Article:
Ask and it will be given to you; seek and you will find; knock and the door will be opened to you.
For everyone who asks, receives; and the one who seeks, finds; and to the one who knocks, the door will be opened.
Matthew's Gospel passage is one I have memorized. I repeat these words to myself quite often. I believe they are true—or, at least....I want to believe they are true. I hold them in my heart with faith and with doubt. His message encourages me and it challenges me. Does that resonate with you? Do you believe the Lord when He says that the "heavenly Father give(s) good things to those who ask him?"
When uncertainty creeps in, I try to take a step back. I look for perspective. I consider: what questions do I have? In his daily Advent reflections Matthew Kelly says "If you ask the wrong question, you'll always get the wrong answer." I realized the question I should ask myself...and the question I have for you is:
- Are you asking God for what you want?
- Are you seeking what you desire?
- Are you standing at the door?
- And are you standing at the door? Are you knocking at that door that separates you from someone or some place?
My favorite blog post of 2020 to read, write and live was "Stooping in San Francisco: What I Found and What Found Me." This piece explains the phenomena popularly known as up-cycling, recycling or stooping (in New York) and gives evidence to the truth—we do seek and find. But, it also suggests that we are found. We too are received. We are not the only ones who ask. Others ask us. We can help them find. Indeed, we are received.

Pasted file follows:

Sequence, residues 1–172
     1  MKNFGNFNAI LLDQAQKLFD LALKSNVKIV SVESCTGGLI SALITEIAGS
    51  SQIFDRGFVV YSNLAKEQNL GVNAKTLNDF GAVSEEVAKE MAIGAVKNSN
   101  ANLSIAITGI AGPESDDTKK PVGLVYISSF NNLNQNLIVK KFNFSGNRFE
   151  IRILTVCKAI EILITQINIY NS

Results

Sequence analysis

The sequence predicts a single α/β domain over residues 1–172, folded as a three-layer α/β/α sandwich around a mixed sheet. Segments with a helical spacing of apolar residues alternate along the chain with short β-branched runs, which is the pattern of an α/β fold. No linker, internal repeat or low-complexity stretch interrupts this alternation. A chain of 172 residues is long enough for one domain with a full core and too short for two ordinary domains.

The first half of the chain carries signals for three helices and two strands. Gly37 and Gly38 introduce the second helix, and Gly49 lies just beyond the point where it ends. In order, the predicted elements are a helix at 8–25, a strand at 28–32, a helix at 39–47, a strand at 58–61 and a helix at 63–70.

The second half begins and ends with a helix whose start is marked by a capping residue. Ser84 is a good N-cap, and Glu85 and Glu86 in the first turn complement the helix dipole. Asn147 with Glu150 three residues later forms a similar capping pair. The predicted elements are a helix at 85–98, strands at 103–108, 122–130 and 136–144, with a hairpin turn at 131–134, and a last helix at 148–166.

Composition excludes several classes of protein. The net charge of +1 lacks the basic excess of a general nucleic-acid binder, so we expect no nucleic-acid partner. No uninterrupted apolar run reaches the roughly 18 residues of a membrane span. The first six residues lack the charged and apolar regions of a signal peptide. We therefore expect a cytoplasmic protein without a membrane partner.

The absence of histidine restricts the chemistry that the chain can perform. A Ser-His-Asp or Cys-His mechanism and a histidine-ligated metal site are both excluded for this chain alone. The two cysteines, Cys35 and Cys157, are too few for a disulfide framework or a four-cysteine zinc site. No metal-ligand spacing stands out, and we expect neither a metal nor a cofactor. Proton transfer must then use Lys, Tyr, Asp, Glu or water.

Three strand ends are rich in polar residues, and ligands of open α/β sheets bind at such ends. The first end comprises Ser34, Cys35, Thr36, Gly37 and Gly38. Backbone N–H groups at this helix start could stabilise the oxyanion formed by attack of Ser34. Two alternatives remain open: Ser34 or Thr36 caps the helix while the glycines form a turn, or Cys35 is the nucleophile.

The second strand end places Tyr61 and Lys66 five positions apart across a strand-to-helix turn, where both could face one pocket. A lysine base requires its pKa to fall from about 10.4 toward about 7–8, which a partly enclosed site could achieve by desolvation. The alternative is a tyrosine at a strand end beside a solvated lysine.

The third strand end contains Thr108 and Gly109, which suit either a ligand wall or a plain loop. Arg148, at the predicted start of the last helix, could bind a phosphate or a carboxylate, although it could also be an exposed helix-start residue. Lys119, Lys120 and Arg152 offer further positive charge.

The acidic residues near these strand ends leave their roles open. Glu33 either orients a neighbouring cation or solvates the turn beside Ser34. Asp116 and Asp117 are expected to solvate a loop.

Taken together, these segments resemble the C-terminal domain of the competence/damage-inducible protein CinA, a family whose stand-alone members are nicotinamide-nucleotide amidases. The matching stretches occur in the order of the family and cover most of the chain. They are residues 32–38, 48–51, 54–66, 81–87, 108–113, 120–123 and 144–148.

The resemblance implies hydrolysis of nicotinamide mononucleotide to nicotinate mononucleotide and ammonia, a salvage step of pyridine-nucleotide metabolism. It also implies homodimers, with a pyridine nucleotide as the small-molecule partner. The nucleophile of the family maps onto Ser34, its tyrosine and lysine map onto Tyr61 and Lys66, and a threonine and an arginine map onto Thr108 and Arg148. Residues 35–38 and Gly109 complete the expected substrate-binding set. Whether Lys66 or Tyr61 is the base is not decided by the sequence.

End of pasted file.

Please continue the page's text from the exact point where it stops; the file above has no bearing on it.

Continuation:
A few weeks ago, a friend asked me if I sold my bike as she was in the market for one. I wasn't surprised, as cycling is one of the safer and less restricted activities permitted during COVID. In fact, many streets in San Francisco have been made into "slow streets." These roads are closed off to through traffic and are now biker, walker and runner friendly. The result? I've never seen so many bicycles used by your everyday person (read: not part of the cyclist subculture).
Truth be told, I sold my bicycle in June. I have never had so many calls for a single posting on Craigslist. Bikes were in high demand and short supply. My price point was low: I want to keep some things affordable in SF!
One week later, I took my every day walking route to find a woman's bike, standing proudly—upright and lovely—in front of Alta Vista Park. Taped to it, a sign read "Free Bike! It Works!"
I looked around, wondering if I was on candid camera. I made eye contact with a neighbor and shrugged. I said "this looks nice!" I got on the bike and started peddling. I made my way down my "slow street" and was reminded why so many people have taken to cycling.
My friend has a new (used) bike! She asked and received. I looked and I found. A new door has been opened: a door of understanding and communion. Truly, God gives good things to those who ask Him—friendship being one of the best.
Photo Credits: all mine!